June 22, 2009
Nuclear Detectors Only Slightly Better
as reported from the Associated Press
investigators say the government's next-generation radiation detectors
are only marginally better at detecting hidden nuclear material than monitors
already at U.S. ports, but would cost more than twice as much.
The machines are intended to prevent terrorists or criminals from smuggling
into the U.S. a nuclear bomb or its explosive components hidden in a cargo
The monitors now in use can detect the presence or radiation, bur they
cannot distinguish between threatening and nonthreatening material. Radioactive
material can be found naturally in ceramics and kitty litter, but would
be of no use in making a bomb.
The Department of Homeland Security has said the new machines it is developing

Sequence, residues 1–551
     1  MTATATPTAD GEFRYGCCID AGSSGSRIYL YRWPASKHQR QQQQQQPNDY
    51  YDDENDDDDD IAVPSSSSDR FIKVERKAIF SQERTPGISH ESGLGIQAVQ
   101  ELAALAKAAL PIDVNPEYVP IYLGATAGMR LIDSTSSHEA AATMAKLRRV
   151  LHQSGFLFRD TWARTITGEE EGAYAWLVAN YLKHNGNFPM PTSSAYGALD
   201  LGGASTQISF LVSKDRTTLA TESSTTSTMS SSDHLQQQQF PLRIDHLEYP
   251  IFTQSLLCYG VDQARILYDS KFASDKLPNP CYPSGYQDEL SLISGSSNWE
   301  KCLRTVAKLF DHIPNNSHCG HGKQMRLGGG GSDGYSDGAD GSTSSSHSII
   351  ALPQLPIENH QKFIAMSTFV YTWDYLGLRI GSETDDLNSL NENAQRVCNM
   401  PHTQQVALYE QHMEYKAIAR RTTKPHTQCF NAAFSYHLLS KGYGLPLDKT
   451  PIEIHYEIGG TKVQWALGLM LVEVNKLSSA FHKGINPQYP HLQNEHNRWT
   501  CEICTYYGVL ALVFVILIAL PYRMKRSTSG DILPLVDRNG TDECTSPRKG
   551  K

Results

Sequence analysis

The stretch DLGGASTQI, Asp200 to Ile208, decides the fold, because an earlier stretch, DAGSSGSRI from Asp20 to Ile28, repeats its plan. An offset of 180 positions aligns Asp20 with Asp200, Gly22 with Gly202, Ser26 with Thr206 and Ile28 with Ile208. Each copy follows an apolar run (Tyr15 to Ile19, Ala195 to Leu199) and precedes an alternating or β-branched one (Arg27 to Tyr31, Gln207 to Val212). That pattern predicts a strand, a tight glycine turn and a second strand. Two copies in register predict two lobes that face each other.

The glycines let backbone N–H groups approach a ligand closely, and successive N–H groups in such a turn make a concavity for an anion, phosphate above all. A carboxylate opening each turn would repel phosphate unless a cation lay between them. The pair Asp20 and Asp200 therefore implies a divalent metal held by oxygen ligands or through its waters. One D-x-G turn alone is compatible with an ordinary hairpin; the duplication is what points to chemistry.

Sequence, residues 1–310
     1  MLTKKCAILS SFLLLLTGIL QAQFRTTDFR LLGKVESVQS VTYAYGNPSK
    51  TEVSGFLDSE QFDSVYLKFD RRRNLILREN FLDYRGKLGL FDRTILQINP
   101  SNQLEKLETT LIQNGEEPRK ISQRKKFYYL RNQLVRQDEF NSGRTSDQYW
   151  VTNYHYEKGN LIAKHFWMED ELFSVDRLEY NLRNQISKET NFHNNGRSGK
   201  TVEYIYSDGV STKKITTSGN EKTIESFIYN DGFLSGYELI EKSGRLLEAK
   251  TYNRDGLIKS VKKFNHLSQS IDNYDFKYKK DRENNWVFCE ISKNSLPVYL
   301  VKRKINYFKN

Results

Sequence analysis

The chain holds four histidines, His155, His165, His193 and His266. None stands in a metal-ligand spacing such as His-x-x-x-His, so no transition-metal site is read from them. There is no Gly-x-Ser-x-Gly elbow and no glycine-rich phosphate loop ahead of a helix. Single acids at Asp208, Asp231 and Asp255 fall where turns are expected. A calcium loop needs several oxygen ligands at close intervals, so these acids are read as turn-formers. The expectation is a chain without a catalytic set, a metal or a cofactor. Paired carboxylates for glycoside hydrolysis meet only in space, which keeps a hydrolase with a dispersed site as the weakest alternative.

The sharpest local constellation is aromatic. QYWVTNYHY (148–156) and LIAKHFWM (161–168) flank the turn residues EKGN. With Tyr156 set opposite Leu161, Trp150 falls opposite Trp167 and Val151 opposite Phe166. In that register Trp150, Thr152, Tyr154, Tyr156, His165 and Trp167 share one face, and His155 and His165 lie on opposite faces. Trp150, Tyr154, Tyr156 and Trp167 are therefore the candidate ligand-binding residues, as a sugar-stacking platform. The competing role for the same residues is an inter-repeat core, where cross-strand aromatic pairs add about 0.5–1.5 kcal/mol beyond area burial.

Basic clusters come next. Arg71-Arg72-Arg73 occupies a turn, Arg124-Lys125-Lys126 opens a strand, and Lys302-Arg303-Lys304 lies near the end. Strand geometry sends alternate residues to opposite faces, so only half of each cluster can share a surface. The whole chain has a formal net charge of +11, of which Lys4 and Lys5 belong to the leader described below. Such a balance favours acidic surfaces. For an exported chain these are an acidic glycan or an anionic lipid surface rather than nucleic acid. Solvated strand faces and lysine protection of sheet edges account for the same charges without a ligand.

can distinguish between kitty litter and dangerous radioactive material
and produce fewer false alarms than the current ones.
The new ones are also better at detecting lightly shielded material. But
the machines perform at about the same level when detecting radiological
and nuclear materials hidden in a lead box or casing, the most likely
way a terrorist would try to sneak the materials into this country, the
Government Accountability Office said in a soon to be released report.
The report raises the questions whether the new machines, at about $822.
000 each, are worth the cost if they're not that much better than current
ones that costs about $308.000.
The department believes the benefits outweigh the additional cost. Department
spokeswoman, Sara Kuban, said the department would not comment specifically
on a report that has yet to be made public. She said the new machines
are still being tested.
For years, Congress and the Government Accountability Office have been
skeptical about the cost and testing of the new machines. The new report
did not criticize the department's latest tests, but found the results